JEMS.com Editor s Note: For more on hypothermic treatment, check out the JEMS.com exclusive article Spinal Injury: The Cold Truth by Christopher Suprun, NREMT-P, CCEMT-P.
FT. LAUDERDALE, Fla. — Broward County, Fla., paramedics will soon become the third department in the nation trying to save heart attack victims by pumping ice-cold saltwater into their blood vessels on the way to the hospital.
The idea is to chill the body to slow the metabolism and minimize damage to the brain and organs caused by the lack of blood flow, much like what happens when a skater is found alive long after falling through the ice.
“Cooling it down reduces the swelling, reduces the damage and saves people from dying or disability,” Dr. Nabil El Sanadi, medical director of Broward Sheriff Fire-Rescue, said Tuesday while training paramedics on new heart techniques now being adopted.
Studies have shown that hospitalized cardiac arrest patients cooled for 24 hours until their body temperatures reach 90 to 92 degrees — compared to the normal 98.6 — are more likely than other patients to survive and regain brain function.
There’s only limited evidence that starting the process a few minutes early in the ambulance makes a difference, but El Sanadi said it’s worth doing as one in a series of steps to raise the odds of saving heart attack patients.
About 1.2 million Americans have heart attacks each year, fatal for 38 percent of them. When the heart stops beating normally, the flow of oxygen-carrying blood stops or decreases, killing brain and organ tissue every minute. If the stoppage lasts 10 minutes, paramedics can do little.
If paramedics can restore the patient’s heartbeat with an electrical shock or chest compressions, they can try the cooling, called induced hypothermia. They give the comatose patient intravenous bags full of saline chilled to 32-34 degrees. Studies have shown the technique cools the body by up to 2 degrees on the way to the emergency room, where doctors insert tubes that fully chill the patient.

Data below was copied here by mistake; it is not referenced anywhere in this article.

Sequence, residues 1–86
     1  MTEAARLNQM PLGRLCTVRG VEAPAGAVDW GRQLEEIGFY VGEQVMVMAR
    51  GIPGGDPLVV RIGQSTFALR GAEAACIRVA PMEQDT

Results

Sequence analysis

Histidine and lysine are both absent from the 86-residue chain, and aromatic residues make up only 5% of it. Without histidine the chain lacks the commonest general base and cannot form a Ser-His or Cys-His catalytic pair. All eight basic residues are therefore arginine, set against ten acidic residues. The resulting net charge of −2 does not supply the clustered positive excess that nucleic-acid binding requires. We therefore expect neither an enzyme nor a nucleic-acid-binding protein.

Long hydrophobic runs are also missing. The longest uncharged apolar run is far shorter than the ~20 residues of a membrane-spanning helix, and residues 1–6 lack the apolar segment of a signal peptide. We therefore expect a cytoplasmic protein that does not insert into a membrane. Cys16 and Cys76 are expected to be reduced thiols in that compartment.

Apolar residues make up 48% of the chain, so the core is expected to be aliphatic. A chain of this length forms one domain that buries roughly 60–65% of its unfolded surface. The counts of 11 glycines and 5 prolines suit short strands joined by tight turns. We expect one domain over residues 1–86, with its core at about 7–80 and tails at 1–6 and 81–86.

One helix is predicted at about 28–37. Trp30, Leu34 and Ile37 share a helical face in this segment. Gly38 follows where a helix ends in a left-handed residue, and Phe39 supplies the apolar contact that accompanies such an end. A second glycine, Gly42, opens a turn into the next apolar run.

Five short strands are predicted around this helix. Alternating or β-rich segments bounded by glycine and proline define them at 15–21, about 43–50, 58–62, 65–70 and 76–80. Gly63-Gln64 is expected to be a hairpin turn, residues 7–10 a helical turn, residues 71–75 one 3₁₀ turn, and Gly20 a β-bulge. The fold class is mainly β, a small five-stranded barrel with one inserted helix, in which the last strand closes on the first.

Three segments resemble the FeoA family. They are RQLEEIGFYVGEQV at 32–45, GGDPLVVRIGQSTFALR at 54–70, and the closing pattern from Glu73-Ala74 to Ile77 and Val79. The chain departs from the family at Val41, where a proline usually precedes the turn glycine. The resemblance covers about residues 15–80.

In a 2002 study, 55 percent of patients chilled for 24 hours had good recovery or moderate disability, compared to 39 percent of other heart patients. In another study, 49 percent of chilled patients survived to be discharged, compared to 26 percent of other patients.
Ambulance personnel in Seattle and Raleigh-Durham, N.C., now use the chilling process, and Broward County’s 16 ambulances should be equipped and paramedics trained to start doing so by March, said Stephen Krivjanik, an assistant fire and rescue chief.
“I think this is the direction that everyone will be heading at some point,” said El Sanadi, who also is director of emergency medicine for the four hospitals of Broward Health, also called the North Broward Hospital District.
The American Heart Association since 2005 has urged hospitals to use the chilling process, but only about 10 percent do. El Sanadi said the four district hospitals and two others have started, opening the door for county ambulances to start. He expects some city rescue departments in Broward to follow suit.
Aside from the chilling technique , Broward County has equipped about half its ambulances with Auto-Pulse, a portable life-vest-type device that gives cardiopulmonary resuscitation more precisely and regularly than can a paramedic.
Bob LaMendola can be reached at [email protected] or 954-356-4526 or 561-243-6600, ext. 4526.